Home Safety in the Garden

by Andrew Crowley | 4 min read   July 31st, 2018

We probably don’t get to spend all the time we would like in our gardens here in Ireland due to our climate. Nevertheless, we often leave items and belongings in our gardens and garden sheds that pose risks to us and are a potential prize for burglars.

Items to Never Leave Outside Your Home

  • The spare key – Lot’s of us are guilty of leaving a spare key under a pot or inside a bird house in our gardens. While this is great on the days we forget our key it could prove disastrous should a burglar find it and let themselves into your home. It is important to take reasonable precautions to protect your home as in this instance we would not cover theft of your contents. Our tip, leave a spare key with a trusted neighbour or family member that lives nearby.
  • Ladders – Many of us have a ladder in the house to get in and out of the attic, put the star on top of the tree at Christmas etc. Storage of ladders is always tricky. They’re big and awkward. Leaving ladders outside the home is very dangerous. Burglars can use ladders as an aid to gain entry to your home via 1st floor windows. Our tip, keep your ladder indoors, in a garage, storage cupboard or utility. Failing this a locked shed is a good option.
  • Bicycles and children’s toys – In Dublin alone, 14 bikes are stolen a day, that’s 5,000 a year. Leaving bikes and toys in gardens is a risk should an opportunistic thief stumble upon your garden. If you leave a bicycle in your garden the amount you can claim for is a maximum of €125, whereas if it is locked away and stolen we will cover up to 10% of your contents sum insured, subject to your policy excess. Our tip, keep your garden tidy and free of bikes and toys at night. Lock them away in a garage or shed. Failing this, keep them indoors.
  • Garden furniture & the BBQ – Leaving garden furniture exposed in our weather can lead to rapid aging and deterioration. Our tip, store these items in a shed or garage where possible. If this isn’t possible invest in a good quality cover to help protect from the elements. Make sure it is well secured or with the first stiff breeze it could well take flight.
  • Man’s best friend – While our dogs love to get out and explore the garden, leaving your dog outside alone for extended periods of time can be stressful for your pet. Dogs are a pack animal and need companionship. Our tip, keep your pet company whether indoors or out, your company will keep your pet content.

Dangerous Items in Your Shed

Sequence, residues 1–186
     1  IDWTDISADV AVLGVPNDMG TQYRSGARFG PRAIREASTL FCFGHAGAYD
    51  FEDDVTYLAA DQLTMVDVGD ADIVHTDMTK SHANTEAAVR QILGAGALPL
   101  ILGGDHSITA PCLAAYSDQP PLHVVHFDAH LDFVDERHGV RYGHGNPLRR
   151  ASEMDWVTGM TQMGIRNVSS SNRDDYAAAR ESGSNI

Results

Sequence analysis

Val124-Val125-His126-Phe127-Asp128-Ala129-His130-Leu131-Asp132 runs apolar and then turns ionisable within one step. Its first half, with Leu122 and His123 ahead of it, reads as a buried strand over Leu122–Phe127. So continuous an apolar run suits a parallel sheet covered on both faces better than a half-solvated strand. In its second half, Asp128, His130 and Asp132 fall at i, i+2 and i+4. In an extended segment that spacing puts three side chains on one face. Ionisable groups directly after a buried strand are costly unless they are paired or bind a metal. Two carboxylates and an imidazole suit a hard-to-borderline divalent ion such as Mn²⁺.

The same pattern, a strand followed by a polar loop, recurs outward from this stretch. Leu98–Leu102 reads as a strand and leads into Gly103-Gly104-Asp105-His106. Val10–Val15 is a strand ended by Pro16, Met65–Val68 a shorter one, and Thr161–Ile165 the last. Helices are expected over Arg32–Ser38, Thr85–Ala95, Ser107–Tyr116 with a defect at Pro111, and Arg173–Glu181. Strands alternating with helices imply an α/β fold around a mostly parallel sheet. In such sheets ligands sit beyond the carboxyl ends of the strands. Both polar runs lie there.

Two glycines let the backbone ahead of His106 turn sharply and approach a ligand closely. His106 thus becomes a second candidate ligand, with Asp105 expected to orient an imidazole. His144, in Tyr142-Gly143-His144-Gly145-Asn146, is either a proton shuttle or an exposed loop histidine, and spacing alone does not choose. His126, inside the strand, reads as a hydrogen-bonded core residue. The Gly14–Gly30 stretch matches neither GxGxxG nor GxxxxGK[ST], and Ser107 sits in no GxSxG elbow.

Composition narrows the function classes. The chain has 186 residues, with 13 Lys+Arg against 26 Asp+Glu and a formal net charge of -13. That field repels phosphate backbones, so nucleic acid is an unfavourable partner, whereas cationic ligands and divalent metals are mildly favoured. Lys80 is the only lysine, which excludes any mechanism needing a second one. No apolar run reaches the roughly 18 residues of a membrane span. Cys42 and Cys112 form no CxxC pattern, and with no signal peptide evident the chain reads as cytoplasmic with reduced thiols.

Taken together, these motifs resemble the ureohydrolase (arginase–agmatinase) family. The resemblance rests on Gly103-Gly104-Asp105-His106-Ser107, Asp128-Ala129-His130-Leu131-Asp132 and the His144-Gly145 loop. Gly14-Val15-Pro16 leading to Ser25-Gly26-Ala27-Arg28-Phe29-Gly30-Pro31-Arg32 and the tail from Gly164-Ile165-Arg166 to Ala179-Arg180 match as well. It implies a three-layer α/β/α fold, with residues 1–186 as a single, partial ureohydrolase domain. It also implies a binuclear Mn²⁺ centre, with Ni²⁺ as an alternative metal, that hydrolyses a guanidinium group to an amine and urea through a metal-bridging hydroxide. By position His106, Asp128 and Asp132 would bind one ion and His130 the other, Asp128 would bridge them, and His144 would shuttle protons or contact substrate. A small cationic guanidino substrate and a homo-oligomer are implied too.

While leaving items in your garden poses risk of theft and deterioration your garden shed offers a range of different risks. Given that lots of us store valuable items in our sheds, it’s important to ensure they are locked at night and while you are out at work or away for a period of time. Inside our sheds also pose a number of risks to our health:

  • Herbicides and pesticides – We all like to keep our garden well manicured and well fed however; this can be dangerous to us, our children and our pets. Our tip, keep herbicides and pesticides in sealed containers. Have them well labelled and out of reach of children and pets.
  • Gas bottles & Flammables – A summers day is not complete without a BBQ in the garden, if yours is gas fired storing a gas bottle this can pose a significant risk. Similarly, lots of us will keep coal and kindling for fires in our sheds. Our tip, don’t store your gas bottle in your shed. Keep it upright, in a well vented corner of your garden, away from heat and ignition sources and of course children. For coal, the best place to store it is in an outdoor coal bunker. Again ensure heat and ignition sources are not near by.
  • Pet food and bird seed – Storing pet food and bird seed in our sheds can attract rodents and other pests if not properly sealed. Rodents are not just unsightly but can cause serious damage around our homes and gardens. Furthermore, temperature changes in your shed can cause some pet foods to spoil. Our tip, store these items indoors in a cool dry area. If opened, store in sealed containers and in line with the manufacturers storing recommendations.
  • Wine & beers – We have all done this, while stocking up for Christmas or special occasions; we store beers and wines in our shed to keep them from cluttering our homes. This can spoil the product as our sheds and garages can fluctuate in temperature ranging from too hot, or too cold. It’s also easily stolen. Our tip, store indoors between 10 & 15 degrees in a dry space.
  • Lawnmowers and gardening equipment – Our gardening equipment is often expensive and can be dangerous. Lawnmowers, hedge clippers, shovels and wheelbarrows can all be a juicy prize for burglars and a potential trip and cut hazard if not stored properly. Our tip, keep your shed locked tight at night and when you are away from your home to keep thieves at bay. To avoid injury have a proper storage plan for your shed. Each item should have its place. This will help to avoid injury while rummaging around in your shed.

A final consideration in the garden is the risk of litigation as a result of accidental injury. Keeping a tidy and orderly garden can reduce this risk. However, should you be unfortunate enough for this to happen in your garden your home insurance policy is on hand to help. The public liability element of your home product offers cover for such accidents up to the value of €3,175,000. Be sure to consult your Home policy document for full details.


Information correct as of date of publishing. This blog will not be updated or edited so the information may become outdated.

Andrew Crowley
Market Management